# Differential equation in polar coordinates

I have the following system:

$\frac{dx}{dt} = 3x + y - x(x^2+y^2)$

$\frac{dy}{dt} = -x +3y -y(x^2+y^2)$

Converting this to polar coordinates gives us:

$\frac{dr}{dt} = r(3-r^2)$

$\frac{d\theta}{dt} = -1$

This gives us a solution $\theta(t) = -t + \theta_0$. What would the solution for $r(t)$ be though?

• You can avoid the nasty integration by recognizing the equation as Bernoulli and solving it as such. – Kaynex Dec 28 '16 at 17:51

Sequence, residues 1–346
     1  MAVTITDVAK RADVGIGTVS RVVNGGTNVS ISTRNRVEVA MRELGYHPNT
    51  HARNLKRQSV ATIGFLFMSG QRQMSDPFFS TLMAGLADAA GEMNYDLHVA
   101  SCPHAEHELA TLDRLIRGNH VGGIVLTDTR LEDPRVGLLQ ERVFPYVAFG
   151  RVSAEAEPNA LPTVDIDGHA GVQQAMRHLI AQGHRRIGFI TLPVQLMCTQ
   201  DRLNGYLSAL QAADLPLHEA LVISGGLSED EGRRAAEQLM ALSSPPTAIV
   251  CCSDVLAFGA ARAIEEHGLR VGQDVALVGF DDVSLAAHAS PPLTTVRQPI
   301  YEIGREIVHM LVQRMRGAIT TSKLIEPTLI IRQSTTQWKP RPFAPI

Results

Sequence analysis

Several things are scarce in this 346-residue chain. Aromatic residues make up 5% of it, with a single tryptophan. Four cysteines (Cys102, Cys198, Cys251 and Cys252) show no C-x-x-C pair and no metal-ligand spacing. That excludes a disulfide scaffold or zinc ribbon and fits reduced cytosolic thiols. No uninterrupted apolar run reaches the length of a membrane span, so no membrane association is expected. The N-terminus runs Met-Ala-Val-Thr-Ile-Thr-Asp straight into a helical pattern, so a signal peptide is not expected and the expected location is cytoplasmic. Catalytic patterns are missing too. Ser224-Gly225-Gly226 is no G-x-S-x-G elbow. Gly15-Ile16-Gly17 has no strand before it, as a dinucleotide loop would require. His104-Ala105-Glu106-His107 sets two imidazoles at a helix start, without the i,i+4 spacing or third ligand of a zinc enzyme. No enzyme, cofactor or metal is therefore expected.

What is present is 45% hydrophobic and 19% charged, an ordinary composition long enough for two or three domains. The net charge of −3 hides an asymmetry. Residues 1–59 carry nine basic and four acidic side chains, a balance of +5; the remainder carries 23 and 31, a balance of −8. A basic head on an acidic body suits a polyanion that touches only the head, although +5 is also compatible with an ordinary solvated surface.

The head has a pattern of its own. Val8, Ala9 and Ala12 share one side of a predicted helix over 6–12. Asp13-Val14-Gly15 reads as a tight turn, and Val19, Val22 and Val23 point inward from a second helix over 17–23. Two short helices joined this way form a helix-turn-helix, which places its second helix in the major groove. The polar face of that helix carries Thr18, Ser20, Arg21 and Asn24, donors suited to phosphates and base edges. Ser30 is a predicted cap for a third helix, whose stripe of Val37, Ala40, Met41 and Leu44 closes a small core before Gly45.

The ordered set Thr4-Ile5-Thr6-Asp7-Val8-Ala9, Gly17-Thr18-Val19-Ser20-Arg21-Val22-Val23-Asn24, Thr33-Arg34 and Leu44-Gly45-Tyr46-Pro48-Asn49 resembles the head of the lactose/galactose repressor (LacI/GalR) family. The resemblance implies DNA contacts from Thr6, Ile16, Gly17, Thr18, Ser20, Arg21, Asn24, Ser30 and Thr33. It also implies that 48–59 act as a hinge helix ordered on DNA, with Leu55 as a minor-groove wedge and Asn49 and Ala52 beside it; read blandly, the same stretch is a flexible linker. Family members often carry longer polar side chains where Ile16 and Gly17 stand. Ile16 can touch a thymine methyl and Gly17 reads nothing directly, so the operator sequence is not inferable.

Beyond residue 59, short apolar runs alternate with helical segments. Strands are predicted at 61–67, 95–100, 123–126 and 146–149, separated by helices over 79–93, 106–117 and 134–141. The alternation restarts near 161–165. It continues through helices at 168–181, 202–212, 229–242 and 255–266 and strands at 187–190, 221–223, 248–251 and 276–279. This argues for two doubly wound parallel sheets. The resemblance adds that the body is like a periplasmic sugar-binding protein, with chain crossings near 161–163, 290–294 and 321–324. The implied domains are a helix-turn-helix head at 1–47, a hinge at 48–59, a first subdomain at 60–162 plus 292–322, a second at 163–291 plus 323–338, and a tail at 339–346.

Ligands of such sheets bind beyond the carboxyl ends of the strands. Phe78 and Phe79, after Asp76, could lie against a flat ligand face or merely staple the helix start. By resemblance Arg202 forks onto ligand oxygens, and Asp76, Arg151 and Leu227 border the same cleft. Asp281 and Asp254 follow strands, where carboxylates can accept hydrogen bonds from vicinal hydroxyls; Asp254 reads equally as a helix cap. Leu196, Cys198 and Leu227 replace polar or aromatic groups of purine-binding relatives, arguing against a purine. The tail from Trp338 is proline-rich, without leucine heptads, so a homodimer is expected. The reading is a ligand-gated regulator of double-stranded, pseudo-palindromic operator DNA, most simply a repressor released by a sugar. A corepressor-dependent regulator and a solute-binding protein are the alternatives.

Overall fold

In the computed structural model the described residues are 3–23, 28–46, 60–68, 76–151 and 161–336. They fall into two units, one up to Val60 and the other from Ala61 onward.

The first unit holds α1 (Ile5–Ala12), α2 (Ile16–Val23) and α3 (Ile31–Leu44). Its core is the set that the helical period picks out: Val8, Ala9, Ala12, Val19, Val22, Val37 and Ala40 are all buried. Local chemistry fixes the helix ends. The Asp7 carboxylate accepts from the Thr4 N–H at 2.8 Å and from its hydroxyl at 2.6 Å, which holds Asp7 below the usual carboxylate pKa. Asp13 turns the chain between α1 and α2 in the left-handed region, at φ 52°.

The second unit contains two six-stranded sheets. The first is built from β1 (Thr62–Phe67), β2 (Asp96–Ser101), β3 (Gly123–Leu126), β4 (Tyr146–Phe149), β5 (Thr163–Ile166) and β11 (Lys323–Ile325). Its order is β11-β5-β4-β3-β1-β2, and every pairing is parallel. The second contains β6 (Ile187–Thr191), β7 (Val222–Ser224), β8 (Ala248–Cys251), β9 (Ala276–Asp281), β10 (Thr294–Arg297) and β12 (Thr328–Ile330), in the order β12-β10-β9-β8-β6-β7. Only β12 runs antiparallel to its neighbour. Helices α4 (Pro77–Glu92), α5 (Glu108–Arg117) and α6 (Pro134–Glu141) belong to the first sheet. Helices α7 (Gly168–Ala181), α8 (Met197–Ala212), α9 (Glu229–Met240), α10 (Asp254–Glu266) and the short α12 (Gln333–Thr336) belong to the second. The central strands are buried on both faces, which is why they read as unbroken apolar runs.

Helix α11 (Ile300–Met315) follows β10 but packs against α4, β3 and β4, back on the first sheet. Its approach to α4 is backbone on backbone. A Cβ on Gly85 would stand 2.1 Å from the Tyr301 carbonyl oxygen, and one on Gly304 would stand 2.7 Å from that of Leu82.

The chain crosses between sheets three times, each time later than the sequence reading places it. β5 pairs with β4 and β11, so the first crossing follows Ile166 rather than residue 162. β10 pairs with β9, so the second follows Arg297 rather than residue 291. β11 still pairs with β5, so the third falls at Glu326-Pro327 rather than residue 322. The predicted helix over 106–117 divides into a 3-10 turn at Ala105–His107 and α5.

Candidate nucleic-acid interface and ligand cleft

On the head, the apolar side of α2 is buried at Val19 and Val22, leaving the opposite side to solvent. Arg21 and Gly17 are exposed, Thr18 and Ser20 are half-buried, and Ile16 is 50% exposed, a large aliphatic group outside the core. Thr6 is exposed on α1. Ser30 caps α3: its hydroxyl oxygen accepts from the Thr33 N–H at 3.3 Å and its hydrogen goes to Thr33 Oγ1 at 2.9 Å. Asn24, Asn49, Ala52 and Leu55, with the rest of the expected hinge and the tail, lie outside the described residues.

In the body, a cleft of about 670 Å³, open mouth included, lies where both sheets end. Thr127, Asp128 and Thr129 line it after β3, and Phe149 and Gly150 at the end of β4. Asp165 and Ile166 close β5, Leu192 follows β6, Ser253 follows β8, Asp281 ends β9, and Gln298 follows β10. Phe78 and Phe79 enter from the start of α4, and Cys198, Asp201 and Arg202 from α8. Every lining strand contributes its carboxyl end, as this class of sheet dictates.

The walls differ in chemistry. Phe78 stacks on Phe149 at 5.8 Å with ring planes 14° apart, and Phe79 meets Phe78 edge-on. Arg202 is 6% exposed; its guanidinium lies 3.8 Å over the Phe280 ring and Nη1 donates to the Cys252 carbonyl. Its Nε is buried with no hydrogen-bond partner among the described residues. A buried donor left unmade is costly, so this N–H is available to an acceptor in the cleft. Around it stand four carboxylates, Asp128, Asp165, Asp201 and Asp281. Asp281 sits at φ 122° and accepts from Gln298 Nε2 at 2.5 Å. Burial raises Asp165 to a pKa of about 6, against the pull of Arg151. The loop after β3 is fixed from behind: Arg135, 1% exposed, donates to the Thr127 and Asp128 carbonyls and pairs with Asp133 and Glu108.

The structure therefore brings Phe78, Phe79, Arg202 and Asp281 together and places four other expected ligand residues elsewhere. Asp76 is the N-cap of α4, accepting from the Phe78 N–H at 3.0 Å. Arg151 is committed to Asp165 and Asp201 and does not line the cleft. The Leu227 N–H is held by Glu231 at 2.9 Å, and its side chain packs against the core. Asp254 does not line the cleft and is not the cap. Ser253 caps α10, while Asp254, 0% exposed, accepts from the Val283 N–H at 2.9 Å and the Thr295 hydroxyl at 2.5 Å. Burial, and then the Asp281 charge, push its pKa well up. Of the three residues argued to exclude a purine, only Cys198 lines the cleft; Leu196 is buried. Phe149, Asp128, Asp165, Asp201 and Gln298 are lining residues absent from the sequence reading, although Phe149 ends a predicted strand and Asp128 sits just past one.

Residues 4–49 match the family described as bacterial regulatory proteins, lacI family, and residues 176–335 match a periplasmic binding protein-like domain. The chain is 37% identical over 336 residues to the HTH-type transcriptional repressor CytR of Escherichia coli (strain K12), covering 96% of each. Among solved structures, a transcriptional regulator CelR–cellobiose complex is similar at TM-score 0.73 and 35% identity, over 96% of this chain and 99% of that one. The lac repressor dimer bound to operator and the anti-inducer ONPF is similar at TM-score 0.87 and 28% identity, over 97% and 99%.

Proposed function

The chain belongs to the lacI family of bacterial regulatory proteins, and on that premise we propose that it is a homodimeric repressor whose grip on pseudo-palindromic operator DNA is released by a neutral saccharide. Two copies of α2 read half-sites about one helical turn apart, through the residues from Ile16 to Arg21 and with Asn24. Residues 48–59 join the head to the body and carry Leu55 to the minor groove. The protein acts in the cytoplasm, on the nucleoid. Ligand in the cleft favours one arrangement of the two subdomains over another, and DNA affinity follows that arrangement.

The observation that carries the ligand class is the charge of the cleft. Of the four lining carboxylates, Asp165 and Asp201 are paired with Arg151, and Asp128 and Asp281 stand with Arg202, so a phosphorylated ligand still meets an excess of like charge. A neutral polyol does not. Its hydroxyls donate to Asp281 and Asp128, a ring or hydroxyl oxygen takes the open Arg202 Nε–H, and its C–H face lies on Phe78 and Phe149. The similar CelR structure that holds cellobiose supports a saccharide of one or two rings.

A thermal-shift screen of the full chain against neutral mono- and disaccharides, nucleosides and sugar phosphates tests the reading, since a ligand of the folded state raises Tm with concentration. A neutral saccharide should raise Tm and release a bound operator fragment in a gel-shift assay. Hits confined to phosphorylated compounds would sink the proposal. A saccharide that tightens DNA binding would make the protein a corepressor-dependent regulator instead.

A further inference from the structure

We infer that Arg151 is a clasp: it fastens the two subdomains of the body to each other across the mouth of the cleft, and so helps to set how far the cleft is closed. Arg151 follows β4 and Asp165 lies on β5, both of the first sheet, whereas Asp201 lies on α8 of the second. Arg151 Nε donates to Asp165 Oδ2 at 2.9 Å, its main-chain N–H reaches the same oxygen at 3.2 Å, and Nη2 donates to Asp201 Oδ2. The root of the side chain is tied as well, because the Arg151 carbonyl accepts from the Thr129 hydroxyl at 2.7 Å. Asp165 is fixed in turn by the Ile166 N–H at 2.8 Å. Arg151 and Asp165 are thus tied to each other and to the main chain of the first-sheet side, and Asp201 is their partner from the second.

The solution to $\dot{r} = r (3-r^2)$ is

$$t = \int \frac{1}{\dot{r}} \,{\rm d}r + C = \int \frac{1}{r (3-r^2)} \,{\rm d}r + C$$

$$t = \frac{1}{3} \ln\left(\frac{r}{r_0}\right) - \frac{1}{6} \ln\left(\frac{r^2-3}{r_0^2-3}\right)$$

with the initial condition $r(0)=r_0$

$$r = \frac{\sqrt{3}\, r_0\, {\rm e}^{3 t} }{\sqrt{r_0 {\rm e}^{6 t}+3-r_0^2}}$$

• PS. I used a CAS system for the integral. – ja72 Dec 28 '16 at 20:28

You have $$\frac{1}{r (\sqrt{3}-r)(\sqrt{3}+r)} dr = dt.$$ Use partial fractions on the left hand side and integrate.